U.S., Mexico Reach Deal to Avoid Tariffs | 90-days to Finalize Agreement

Posted on 06/08/2019 9:04 AM

Mexico to take ‘strong measures’ to slow migration over border | U.S. to accelerate investments

The U.S. and Mexico reached a deal to curb migration, defusing President Donald Trump’s threat to impose sweeping tariffs on Mexican imports after several days of negotiating sessions in Washington. Both countries agreed to finalize the terms of additional provisions within 90 days. If the measures adopted did not deliver the desired results, the two sides would have to announce within three months what they planned to do. Link to State Department statement.


No new U.S. tariffs on Mexico will be implemented as President Trump on Friday night dropped his threat of tariffs after negotiators reached a deal on measures to stem the flow of migrants pouring into the U.S. from Mexico. Trump said the tariffs, which had been set to go into effect Monday, were “indefinitely suspended,” while Mexican President Andrés Manuel López Obrador said that, thanks to the support of all Mexicans, “the imposition of tariffs on Mexican products exported to the U.S. have been avoided.”

Both countries agreed to finalize the terms of additional provisions within 90 days. Ebrard said that under the agreement, if the measures adopted did not deliver the desired results, the two sides would have to announce within three months what they planned to do.

Trump and Foreign Secretary Marcelo Ebrard spoke by telephone Friday evening, shortly before Trump announced the deal.

A joint statement released by both countries late Friday said that Mexico agreed to increase enforcement to curb irregular migration, including deployment of its newly created National Guard throughout the country, with a focus on its southern border with Guatemala. On Thursday night, Mexico’s Foreign Ministry said it would deploy up to 6,000 National Guard troops.

The U.S., meanwhile, said it would immediately expand the implementation of the existing “Migrant Protection Protocols” across its entire southern border, returning asylum seekers to Mexico. “Those crossing the U.S. Southern Border to seek asylum will be rapidly returned to Mexico where they may await the adjudication of their asylum claims,” the statement said, adding that Mexico will authorize the entrance of all of those individuals for humanitarian reasons.

Ebrard said his country would take action to dismantle human-smuggling networks and work more closely with the U.S. to share information about migrants. Mexico will accept the return of more migrants to await the resolution of their U.S. asylum cases, and offer them work permits, education and health services during their time in the country, Ebrard said.

In return, Ebrard revealed, the U.S. would accelerate several investment and development programs in Central America and Southern Mexico that were agreed to under a $5.8 billion aid package announced late last year.

The deal contained no reference to any kind of third safe country agreement, which the U.S. had been pushing for, under which migrants would have to seek refuge in Mexico rather than the U.S. The issue has long been a red line for the government.

Reaction to the development was quick and partisan. Trump’s decision not to go ahead with tariffs was applauded by Republican lawmakers, who warned the tariffs could stymie economic growth and derails efforts to ratify a revised trade agreement with Mexico and Canada. Mexico recently became the U.S.' largest trading partner, and the U.S. imported just under $350 billion in goods from the country last year. “No tariffs on Mexico. Mexico came through,” Senate Finance Committee Chairman Chuck Grassley (R-Iowa) tweeted Friday after Trump’s announcement. Grassley was one of several GOP senators who vocally protested Trump’s tariff plan. Sen. Joni Ernst (R-Iowa) said, “Iowans are breathing a sigh of relief: Mexico has stepped up to help us address the humanitarian crisis at our southern border, and we won’t feel the pinch from new tariffs with one of our biggest trading partners. We’ve got to curb the flow of illegal migrants coming across our border, and Mexico knows they need to be part of that. I’m encouraged by these negotiations and the end result. This truly is good news not only for Iowa, but for our entire country.” Sen. Marco Rubio (R-Fla.) cheered the agreement. “By exerting maximum pressure and demanding decisive action from the López Obrador administration [in Mexico], President Trump has secured an important victory on behalf of the American people,” he said.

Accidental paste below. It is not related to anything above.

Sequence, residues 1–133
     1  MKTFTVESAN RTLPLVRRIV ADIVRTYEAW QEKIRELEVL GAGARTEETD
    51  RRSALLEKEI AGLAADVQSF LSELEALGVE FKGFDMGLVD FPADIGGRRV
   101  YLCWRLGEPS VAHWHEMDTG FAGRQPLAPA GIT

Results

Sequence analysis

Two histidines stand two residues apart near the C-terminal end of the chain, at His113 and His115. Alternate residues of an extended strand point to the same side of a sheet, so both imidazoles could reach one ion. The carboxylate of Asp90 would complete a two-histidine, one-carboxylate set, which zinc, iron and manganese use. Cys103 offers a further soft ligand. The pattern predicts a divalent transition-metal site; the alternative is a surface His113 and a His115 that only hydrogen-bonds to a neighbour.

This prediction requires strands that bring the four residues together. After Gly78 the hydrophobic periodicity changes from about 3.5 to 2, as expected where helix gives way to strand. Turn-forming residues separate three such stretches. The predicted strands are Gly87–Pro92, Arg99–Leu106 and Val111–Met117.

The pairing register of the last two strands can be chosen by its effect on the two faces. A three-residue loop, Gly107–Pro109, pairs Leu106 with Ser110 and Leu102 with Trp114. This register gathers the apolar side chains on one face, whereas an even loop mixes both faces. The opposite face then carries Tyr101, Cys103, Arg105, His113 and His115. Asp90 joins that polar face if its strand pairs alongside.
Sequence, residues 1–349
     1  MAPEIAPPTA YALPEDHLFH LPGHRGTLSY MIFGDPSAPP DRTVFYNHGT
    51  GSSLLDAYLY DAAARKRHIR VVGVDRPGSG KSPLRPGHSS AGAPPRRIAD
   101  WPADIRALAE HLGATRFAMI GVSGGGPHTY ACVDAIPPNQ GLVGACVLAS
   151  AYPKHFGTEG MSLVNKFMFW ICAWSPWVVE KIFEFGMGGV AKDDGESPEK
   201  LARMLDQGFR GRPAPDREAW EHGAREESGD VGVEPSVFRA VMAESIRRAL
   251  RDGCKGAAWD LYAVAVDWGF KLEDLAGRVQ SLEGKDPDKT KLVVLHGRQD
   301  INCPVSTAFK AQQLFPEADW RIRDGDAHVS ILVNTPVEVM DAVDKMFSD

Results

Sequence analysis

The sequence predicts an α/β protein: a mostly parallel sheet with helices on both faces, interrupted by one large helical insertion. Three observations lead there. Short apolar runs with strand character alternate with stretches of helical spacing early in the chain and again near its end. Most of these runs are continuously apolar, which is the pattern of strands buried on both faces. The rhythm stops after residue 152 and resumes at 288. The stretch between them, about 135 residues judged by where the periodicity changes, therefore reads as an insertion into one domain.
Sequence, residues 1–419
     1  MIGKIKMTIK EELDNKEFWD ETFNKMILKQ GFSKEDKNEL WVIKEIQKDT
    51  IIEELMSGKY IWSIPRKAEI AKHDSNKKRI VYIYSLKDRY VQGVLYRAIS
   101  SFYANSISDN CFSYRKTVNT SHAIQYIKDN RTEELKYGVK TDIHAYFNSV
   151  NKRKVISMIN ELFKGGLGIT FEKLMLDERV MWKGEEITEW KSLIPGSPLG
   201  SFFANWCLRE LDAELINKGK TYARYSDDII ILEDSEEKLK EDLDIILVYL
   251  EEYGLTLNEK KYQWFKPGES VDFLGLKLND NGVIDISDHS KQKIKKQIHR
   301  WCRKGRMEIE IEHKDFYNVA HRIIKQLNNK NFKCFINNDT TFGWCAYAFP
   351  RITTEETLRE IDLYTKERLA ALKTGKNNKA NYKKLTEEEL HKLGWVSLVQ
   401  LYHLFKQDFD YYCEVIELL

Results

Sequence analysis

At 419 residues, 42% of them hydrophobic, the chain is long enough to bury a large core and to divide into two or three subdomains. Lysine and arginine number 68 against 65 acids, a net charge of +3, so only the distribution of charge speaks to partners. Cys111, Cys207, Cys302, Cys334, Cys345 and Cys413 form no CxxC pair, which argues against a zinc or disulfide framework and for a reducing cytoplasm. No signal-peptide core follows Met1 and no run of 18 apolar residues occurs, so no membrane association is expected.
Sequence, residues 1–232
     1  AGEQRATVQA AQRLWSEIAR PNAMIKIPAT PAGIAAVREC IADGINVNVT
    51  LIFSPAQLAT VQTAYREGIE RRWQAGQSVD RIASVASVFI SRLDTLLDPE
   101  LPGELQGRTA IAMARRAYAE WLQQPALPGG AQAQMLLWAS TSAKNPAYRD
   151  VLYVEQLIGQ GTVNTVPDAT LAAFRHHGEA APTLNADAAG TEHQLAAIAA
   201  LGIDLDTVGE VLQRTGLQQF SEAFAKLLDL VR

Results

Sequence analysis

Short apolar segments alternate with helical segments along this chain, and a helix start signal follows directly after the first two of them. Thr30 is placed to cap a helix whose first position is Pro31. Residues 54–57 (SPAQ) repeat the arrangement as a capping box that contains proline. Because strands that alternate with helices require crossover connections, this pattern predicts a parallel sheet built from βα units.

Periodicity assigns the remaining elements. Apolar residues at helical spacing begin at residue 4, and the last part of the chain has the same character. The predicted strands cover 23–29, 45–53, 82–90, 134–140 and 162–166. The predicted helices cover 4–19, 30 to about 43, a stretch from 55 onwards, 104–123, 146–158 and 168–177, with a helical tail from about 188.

But Chuck Schumer, the Democratic Senate leader from New York, mocked the agreement. “Now that that [immigration] problem is solved, I’m sure we won’t be hearing any more about it in the future,” he wrote on Twitter.

Perspective: Trump's now familiar trade policy steps again unfolded as he first threatened tariffs, then talks were held, then officials signaled a possible suspension of tariffs and then an agreement was reached. Some analysts warned that some lasting damage had been done to the relationship between the U.S. and Mexico during the stand-off, and Trump’s threat risked resurfacing at any time. The tentative agreement is particularly important for the U.S. automotive and agriculture industries, which have established supply and demand chains. Meanwhile, Trump administration officials will hope that the end of the latest skirmish will put Congress back on the path towards ratification of U.S.-Mexico-Canada Agreement.


 

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